“Chance favors only the prepared mind.” – Louis Pasteur
Pasteur uttered these words more than a hundred years ago. They seem logical and brimming with common sense, right?
Well, you’d be surprised by how many investors fail to heed these pearls of wisdom.
Over the past couple of weeks, we’ve seen a strong market bounce following a couple of weeks of mayhem.
During this time, the market’s volatility – as measured by the VIX – has soared by over 100% at one point… and settled to a level of over 50%.
Currently, the VIX is above 30, implying that the market’s wild ride is far from over.
What exactly does the number “30” mean in laymen’s terms?
Simply put, it means that the market is expecting a 2.5% directional move in the S&P 500 over the next month (30 divided by 12). Whether the move is up or down is yet to be determined.
That may not sound like much, but one must consider the annualized implication…
You see, 2.5% over a single month translates into a 30% move over the year – in one direction or the other. Now that’s significant!
A move of that magnitude is NOT likely in many cases, but… based on daily volatility, it is an “implied” move with a probability exceeding 50%.
That’s why I always watch the VIX, especially during times of extreme optimism or pessimism.
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Historically, during calm times, the VIX trades at around 15, implying a monthly move of 1.25% or 15% annualized – much more palatable.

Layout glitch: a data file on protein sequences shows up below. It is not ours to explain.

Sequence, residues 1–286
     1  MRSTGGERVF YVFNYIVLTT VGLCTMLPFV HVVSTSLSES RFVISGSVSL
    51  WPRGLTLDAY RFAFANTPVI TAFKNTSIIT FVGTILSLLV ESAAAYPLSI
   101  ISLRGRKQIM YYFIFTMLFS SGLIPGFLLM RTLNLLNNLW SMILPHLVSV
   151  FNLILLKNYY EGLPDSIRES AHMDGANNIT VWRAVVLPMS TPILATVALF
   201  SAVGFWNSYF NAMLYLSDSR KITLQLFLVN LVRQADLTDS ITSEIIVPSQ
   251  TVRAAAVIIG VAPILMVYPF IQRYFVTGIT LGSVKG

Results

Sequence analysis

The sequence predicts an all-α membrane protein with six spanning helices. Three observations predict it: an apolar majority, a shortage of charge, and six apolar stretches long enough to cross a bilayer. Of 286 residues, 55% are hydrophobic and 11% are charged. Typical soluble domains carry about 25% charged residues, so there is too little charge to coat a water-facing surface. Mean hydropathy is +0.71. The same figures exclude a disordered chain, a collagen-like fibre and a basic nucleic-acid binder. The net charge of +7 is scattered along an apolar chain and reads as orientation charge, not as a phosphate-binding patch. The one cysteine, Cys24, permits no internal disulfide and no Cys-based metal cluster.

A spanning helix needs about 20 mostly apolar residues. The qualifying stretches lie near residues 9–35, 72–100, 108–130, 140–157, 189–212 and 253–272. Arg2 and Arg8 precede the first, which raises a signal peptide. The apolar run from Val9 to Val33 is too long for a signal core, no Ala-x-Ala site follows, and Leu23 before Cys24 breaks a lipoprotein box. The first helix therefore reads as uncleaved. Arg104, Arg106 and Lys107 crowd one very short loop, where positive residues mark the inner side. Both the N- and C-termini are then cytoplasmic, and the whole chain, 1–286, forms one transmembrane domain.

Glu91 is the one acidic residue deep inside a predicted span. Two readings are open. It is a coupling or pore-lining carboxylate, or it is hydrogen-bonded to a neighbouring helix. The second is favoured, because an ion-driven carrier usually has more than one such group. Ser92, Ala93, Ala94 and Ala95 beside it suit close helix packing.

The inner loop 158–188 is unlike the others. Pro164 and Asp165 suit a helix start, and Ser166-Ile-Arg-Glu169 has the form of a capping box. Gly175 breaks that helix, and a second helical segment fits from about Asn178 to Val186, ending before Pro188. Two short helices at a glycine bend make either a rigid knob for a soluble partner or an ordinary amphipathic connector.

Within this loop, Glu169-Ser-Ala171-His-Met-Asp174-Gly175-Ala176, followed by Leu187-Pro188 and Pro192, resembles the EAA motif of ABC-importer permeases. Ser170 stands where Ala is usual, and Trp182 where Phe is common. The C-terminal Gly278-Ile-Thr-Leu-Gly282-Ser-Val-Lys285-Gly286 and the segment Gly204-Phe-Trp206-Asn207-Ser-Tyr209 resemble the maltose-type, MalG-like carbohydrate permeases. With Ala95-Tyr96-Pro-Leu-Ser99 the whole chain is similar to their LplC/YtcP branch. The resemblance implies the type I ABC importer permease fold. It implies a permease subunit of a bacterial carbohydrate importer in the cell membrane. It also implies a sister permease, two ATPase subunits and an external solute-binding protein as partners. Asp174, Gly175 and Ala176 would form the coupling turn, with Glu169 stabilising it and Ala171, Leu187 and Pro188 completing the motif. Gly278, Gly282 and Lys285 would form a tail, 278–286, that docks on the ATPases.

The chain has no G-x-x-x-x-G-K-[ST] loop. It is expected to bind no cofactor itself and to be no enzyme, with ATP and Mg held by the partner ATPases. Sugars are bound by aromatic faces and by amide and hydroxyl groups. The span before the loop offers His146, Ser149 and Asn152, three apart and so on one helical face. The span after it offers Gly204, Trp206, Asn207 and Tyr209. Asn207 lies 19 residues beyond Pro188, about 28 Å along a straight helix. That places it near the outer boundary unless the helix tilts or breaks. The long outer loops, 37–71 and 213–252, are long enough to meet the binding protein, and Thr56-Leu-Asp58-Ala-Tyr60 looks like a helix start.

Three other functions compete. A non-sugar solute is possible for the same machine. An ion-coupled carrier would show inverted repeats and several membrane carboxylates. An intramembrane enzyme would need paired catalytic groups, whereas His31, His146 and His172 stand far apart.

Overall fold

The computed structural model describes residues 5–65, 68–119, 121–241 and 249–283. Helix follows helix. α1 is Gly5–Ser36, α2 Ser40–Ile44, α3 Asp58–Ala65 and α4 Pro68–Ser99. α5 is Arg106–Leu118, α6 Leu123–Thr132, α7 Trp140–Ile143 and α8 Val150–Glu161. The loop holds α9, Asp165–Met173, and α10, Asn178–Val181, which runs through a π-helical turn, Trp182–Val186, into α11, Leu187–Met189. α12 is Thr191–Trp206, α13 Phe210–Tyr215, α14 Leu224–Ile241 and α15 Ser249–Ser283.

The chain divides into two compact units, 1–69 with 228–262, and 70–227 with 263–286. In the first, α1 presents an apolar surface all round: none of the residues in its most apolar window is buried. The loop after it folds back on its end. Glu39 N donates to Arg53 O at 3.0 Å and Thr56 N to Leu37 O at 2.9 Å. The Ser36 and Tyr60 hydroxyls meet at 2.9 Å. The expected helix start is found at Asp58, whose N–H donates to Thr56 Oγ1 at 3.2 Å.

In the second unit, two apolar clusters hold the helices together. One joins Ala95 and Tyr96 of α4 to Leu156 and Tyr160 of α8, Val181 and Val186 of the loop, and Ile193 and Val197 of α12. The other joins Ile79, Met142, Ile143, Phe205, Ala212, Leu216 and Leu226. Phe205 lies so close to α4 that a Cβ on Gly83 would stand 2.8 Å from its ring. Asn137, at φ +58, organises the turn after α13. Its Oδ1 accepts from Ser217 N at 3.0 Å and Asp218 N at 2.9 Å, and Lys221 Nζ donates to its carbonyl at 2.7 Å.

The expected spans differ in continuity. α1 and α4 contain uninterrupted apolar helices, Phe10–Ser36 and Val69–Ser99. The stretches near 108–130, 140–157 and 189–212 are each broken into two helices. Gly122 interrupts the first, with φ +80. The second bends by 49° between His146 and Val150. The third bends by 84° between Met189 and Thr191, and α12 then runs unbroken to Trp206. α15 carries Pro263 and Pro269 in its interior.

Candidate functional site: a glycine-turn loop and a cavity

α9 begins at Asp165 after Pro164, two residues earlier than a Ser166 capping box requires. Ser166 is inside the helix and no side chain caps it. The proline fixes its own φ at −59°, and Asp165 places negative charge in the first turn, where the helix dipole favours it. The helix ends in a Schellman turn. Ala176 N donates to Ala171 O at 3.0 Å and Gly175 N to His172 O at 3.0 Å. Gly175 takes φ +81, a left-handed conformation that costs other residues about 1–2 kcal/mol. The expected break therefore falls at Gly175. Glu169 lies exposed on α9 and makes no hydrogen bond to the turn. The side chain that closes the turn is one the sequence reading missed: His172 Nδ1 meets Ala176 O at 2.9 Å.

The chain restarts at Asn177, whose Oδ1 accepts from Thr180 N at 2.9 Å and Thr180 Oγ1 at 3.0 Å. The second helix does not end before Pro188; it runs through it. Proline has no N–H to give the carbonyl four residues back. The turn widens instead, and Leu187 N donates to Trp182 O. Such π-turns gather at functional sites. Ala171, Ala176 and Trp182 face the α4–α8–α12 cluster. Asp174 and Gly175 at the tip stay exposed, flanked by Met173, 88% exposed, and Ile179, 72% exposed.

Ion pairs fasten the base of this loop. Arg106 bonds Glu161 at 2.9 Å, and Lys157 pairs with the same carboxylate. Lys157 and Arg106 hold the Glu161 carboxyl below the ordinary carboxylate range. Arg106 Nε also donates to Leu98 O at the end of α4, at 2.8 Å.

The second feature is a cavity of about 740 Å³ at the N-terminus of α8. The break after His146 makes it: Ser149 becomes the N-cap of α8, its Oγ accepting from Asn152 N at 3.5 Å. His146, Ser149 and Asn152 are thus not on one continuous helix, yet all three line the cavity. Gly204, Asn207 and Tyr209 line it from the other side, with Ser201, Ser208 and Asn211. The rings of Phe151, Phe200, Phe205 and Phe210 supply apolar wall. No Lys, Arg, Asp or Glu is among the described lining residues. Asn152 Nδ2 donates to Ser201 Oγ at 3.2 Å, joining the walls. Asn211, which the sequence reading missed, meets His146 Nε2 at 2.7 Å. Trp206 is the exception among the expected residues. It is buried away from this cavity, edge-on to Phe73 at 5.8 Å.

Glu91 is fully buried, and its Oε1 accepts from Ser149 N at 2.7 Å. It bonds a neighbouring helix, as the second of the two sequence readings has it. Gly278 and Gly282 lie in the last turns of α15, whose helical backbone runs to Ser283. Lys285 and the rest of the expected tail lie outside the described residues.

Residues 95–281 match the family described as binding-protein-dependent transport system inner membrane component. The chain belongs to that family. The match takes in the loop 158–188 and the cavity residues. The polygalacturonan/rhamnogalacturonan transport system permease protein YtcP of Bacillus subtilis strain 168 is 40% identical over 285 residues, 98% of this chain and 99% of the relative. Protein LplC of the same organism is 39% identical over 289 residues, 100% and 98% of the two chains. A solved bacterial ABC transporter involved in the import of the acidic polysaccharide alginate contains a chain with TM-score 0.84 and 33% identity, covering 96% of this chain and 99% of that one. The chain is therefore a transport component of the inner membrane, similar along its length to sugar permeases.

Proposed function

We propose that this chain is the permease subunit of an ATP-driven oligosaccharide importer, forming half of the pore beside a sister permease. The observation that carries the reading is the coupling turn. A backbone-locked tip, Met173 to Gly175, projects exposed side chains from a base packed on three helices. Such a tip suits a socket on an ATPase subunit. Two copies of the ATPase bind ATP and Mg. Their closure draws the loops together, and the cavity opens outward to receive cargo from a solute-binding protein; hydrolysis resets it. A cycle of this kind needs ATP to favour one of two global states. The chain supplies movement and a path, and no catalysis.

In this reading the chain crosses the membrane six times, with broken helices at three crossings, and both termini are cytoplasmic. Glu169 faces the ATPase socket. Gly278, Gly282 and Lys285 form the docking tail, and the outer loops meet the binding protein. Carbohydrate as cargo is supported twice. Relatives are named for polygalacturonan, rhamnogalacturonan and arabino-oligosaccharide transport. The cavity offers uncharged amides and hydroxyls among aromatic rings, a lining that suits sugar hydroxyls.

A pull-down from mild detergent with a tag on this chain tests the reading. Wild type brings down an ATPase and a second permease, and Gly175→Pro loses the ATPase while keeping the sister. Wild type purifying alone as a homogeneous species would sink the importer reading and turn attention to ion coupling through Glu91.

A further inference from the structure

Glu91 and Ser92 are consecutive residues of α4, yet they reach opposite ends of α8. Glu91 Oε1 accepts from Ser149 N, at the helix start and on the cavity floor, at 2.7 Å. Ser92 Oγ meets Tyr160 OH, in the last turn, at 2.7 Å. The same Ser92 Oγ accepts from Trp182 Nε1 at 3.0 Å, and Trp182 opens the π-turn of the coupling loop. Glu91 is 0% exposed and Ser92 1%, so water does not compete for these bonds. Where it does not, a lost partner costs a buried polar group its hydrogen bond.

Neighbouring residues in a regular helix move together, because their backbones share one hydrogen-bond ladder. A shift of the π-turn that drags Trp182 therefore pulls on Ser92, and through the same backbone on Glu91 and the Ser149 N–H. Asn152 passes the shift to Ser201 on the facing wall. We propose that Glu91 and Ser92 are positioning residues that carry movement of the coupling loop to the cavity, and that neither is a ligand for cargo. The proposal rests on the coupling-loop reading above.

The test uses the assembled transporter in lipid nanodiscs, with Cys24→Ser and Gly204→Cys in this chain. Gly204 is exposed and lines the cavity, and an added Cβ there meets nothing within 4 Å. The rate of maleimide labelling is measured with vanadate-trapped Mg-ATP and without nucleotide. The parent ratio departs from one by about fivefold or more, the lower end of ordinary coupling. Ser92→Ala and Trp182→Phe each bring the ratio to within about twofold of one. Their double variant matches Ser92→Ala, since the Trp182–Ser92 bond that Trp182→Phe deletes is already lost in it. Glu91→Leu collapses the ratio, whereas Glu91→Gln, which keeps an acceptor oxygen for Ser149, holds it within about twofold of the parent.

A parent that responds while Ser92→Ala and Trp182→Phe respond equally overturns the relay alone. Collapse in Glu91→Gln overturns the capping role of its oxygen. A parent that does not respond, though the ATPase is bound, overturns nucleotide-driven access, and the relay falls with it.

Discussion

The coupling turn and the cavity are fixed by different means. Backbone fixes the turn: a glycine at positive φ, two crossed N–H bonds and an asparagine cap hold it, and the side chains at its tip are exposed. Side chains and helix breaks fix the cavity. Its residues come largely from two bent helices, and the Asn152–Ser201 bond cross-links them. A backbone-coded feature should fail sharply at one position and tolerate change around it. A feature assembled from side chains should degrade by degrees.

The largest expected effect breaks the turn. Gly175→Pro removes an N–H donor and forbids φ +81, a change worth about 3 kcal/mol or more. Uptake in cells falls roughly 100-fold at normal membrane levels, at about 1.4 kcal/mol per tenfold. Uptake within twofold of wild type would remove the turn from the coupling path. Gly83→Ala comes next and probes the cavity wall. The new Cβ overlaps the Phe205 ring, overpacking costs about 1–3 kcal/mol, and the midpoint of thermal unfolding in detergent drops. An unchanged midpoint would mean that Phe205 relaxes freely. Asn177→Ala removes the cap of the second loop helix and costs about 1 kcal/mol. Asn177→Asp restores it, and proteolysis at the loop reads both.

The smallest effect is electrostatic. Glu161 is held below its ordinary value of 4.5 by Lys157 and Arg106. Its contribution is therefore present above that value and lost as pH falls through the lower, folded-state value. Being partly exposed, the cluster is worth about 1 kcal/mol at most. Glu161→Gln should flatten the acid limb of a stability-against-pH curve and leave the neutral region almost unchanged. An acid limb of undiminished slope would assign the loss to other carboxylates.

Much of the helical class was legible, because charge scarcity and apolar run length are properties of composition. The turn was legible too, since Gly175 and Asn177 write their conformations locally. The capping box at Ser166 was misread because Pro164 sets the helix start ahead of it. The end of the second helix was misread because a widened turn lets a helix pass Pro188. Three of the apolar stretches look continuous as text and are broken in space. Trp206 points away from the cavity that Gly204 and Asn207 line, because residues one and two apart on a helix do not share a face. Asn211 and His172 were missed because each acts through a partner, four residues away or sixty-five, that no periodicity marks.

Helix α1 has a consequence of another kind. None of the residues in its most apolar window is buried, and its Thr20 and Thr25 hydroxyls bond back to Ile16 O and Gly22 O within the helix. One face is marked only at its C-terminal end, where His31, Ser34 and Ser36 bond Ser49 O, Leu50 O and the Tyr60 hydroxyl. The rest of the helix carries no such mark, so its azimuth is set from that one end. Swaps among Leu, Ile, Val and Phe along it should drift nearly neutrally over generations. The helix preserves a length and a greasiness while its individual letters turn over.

At the height of the recent correction, the VIX hit almost 50, which meant panicked investors were expecting a drop of almost 50%… or, if you’re an optimist, an upward move of 50%.
During the crash of 2008/2009, the VIX moved to a level of almost 90 – a level that has not been seen since and hopefully will not be seen again.
That “90” reading meant investors were selling with expectations that the market would go to almost zero!
Indeed, the VIX is a great indicator of sentiment. It’s not always exactly accurate, but it helps to interpret the flow of money into either the short or long side of the market.
As the VIX does its current dance above 30, it tells us that nervousness is still the prevailing condition in the market, with a bias to the downside.
Rather than panic, now’s a great time to put together an action plan for what to buy should panic actually ensue.
The prudent choice is to focus on dividend-paying shares – particularly the ones raising their dividends in this market.
Of course, set some risk capital aside, as well, to speculate on the companies most likely to move higher fastest during a recovery.
Panic can be a good thing for the “prepared mind.”
Ahead of the tape,